I replied that I have long accepted the inevitability of some decline, and I still appreciate what is left, diminished as it is.
My beloved, stoic, and heroic wife, Tina Su Cooper, quadriplegic and ventilator-dependent for the past 16 years, agreed with me one day a few years ago that if that day were our last day on Earth, it had all been worth it.
I have about a 50% chance of living into my mid-80s and a 25% chance to making it into my late-90s, (my mother lived to 98), and I am living carefully to maximize the time left and to be here for Tina if I can.
So, last night, I told the one who asked that the following poem by Robert Louis Stevenson might well be my requiem, too:
Under the wide and starry sky
Dig the grave and let me lie:
Glad did I live and gladly die,
And I laid me down with a will.
This be the verse you grave for me:
Here he lies where he long'd to be;
Home is the sailor, home from the sea,
And the hunter home from the hill.”
I doubt I will gladly die, however.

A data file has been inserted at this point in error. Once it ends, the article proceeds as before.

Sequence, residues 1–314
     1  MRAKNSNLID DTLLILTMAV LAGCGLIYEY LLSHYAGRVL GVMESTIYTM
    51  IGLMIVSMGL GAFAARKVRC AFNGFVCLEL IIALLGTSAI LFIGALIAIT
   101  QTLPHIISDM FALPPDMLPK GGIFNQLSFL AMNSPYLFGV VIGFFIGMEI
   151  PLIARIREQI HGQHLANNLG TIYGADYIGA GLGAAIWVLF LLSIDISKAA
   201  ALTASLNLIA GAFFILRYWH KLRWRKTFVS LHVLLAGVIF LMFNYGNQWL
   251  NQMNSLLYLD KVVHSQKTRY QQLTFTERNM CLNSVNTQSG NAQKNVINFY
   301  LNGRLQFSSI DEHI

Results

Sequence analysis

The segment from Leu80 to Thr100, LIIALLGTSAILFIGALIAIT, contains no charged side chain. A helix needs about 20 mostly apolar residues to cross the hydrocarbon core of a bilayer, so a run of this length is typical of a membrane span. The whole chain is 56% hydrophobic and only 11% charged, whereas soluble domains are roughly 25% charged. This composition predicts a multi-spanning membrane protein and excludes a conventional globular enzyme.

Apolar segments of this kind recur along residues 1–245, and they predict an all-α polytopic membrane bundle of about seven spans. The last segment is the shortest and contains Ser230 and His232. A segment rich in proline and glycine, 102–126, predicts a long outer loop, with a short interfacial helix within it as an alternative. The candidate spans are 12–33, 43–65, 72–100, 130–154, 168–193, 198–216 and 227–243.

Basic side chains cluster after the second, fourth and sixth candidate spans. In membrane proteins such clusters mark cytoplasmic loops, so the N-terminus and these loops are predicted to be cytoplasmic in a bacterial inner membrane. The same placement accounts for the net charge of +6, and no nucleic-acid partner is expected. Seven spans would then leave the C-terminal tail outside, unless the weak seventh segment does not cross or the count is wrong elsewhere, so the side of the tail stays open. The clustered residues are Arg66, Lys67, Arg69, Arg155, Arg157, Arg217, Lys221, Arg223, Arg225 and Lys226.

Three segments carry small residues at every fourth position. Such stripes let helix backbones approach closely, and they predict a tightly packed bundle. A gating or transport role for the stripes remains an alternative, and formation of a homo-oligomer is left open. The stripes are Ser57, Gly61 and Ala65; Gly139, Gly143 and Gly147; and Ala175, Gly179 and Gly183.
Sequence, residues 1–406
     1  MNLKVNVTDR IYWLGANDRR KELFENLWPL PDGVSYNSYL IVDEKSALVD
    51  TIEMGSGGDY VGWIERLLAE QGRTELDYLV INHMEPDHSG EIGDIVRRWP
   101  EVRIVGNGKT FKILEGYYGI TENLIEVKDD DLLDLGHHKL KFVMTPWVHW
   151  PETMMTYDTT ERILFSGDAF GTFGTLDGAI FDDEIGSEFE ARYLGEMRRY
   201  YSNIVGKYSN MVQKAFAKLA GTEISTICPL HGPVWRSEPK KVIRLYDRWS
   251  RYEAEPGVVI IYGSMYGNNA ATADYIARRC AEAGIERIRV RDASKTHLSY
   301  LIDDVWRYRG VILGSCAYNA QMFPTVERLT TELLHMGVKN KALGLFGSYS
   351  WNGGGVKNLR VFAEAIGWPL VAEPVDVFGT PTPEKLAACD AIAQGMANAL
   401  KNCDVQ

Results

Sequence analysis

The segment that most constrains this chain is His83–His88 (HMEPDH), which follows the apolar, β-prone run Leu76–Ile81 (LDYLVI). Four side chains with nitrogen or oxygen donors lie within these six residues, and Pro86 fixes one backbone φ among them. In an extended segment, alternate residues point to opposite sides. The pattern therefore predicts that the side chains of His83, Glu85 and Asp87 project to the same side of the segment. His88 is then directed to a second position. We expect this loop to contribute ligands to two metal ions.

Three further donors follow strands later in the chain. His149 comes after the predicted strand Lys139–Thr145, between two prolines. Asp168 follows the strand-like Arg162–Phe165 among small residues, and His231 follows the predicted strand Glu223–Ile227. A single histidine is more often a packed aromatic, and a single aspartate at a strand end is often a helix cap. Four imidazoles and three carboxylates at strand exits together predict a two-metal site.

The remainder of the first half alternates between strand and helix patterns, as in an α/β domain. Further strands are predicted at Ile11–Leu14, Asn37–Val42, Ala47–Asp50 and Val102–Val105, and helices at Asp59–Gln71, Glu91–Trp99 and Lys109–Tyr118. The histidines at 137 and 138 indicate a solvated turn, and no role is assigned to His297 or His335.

Perhaps "gladly" if in continuing pain or perhaps after great
disappointment, but probably sadly with
reluctance to leave those I care about.
But life has been plenty.
We live in particularly favorable times,
all things considered, so different from
Hobbes's description of the
state of nature, where life was
"solitary, poor, nasty, brutish, and short."
Short may have been the best part.
Over a century ago, Robert Browning wrote,
"Grow old along with me.
The best is yet to be,
The last for which the first was made."
How many of us would agree?
Later that evening, I engulfed my usual mound of prescriptions and over-the-counter supplements, some of which, I hope, do some good.
After we are born, there is only one guarantee. Two, if you include taxes.So be it.
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